Steve Killelea remarked, “The increasing internationalisation of internal conflicts has coincided with UN peacekeeping funding reaching record highs in 2016: it was the largest improved indicator in this year’s report with more deployed peacekeepers and more countries being up-to-date with their UN peacekeeping dues. However, peacebuilding and peacekeeping spending remains proportionately small compared to the economic impact of violence, representing just 2% of global losses from armed conflict.
“Addressing the global disparity in peace and achieving an overall 10% decrease in the economic impact of violence would produce a peace dividend of $1.36 trillion. This is approximately equivalent to the size of world food exports.”
The report also provides an audit of the available data to measure Goal 16 of the Sustainable Development Goals – the UN member states formal recognition of the critical nature of peacefulness in advancing global development. It finds that, while there is some existing data to track progress and therefore hold member states accountable to meeting their targets, serious investment will need to be made to measure the goals.
The report concludes with new research into resilience and what the IEP identifies as ‘Positive Peace'; the attitudes, institutions and structures which sustain peace. It finds that, over the course of the decade, 13 times more lives were lost in natural disasters in low Positive Peace countries than in countries which are high in Positive Peace.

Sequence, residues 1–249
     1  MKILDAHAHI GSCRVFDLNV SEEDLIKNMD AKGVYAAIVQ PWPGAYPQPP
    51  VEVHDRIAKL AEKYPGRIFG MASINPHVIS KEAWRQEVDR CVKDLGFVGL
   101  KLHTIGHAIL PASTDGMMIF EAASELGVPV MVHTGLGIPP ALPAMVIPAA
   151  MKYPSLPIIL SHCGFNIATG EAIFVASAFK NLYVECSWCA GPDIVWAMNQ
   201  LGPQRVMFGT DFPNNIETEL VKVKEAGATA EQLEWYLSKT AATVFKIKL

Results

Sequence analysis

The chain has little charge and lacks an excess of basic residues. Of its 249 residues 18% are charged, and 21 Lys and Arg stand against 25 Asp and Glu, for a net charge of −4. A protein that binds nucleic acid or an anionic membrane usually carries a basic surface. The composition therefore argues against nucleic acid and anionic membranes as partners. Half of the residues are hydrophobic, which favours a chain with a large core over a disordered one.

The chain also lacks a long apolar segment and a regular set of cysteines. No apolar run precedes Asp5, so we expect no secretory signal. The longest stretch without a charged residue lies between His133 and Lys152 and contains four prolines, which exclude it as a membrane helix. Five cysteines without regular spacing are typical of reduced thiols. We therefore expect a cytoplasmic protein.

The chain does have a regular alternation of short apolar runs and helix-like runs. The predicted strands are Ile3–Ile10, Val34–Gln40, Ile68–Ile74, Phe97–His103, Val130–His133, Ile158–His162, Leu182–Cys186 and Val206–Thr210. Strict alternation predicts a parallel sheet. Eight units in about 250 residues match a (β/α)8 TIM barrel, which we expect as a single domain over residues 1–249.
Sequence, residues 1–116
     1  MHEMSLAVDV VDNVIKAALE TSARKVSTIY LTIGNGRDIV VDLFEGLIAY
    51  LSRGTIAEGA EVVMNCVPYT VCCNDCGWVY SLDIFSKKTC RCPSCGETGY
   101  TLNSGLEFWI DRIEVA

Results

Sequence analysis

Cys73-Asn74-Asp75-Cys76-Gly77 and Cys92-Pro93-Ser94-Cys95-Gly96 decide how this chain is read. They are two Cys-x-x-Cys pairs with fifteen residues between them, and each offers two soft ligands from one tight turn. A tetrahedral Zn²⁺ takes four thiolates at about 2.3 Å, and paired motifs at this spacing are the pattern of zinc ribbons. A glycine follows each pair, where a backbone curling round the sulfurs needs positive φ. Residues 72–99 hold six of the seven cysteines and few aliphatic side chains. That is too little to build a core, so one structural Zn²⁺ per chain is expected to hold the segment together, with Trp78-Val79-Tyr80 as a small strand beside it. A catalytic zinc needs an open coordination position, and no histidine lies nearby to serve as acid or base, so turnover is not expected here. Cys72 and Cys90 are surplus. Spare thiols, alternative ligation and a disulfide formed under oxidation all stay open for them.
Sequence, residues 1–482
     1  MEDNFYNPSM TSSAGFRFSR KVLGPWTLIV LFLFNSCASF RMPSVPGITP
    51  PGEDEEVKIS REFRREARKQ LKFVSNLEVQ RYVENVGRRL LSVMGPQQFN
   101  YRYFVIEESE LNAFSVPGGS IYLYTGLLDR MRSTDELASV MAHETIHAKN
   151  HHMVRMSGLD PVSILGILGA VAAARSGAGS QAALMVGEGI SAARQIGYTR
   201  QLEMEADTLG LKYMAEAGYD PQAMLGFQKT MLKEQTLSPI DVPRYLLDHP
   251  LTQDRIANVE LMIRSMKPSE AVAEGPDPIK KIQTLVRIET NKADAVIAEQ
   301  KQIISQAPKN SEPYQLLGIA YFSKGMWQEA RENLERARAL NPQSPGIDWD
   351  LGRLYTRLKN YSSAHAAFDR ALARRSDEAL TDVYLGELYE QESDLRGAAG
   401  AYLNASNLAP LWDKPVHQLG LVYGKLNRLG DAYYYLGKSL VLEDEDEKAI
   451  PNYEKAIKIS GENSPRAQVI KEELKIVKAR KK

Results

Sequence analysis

REGIONAL RANKING + HIGHLIGHTS
Europe was once again ranked the most peaceful region in the world. The largest improvement since last year occurred in Central America and the Caribbean, while South America also made progress in its levels of peacefulness. MENA had the largest decline, followed by Sub-Saharan Africa, Europe and Asia Pacific respectively.
- Europe accounts for six of the top seven places in the rankings with Iceland, Denmark and Austria remaining the highest-ranking countries. Portugal built on last year’s gains to rise nine places to fifth globally. However, the average score in Europe deteriorated, reflecting increases in the impact of terrorism as well as the escalation of violence and instability in Turkey and the country’s deteriorating relations with its neighbours.
- North America‘s score remains in line with GPI 2015. A small deterioration in Canada, due to an increase in weapons imports and exports, was offset by a comparable improvement in the US.
- Asia-Pacific‘s level of peace has remained largely unchanged since 2015, however a number of countries including Indonesia, Timor-Leste, Myanmar and Thailand improved their scores. Heightened tensions in the South China Sea impacted external relations between the three main nations concerned; China, Vietnam andthe Philippines.
- Despite continuing security issues in Central America and the Caribbean, the region’s score improved sufficiently for it to move above South America in the rankings, and into fourth place overall. Improvements were recorded particularly in the levels of political instability and political terror. The best performer wasCosta Rica, characterised by its low levels of militarisation.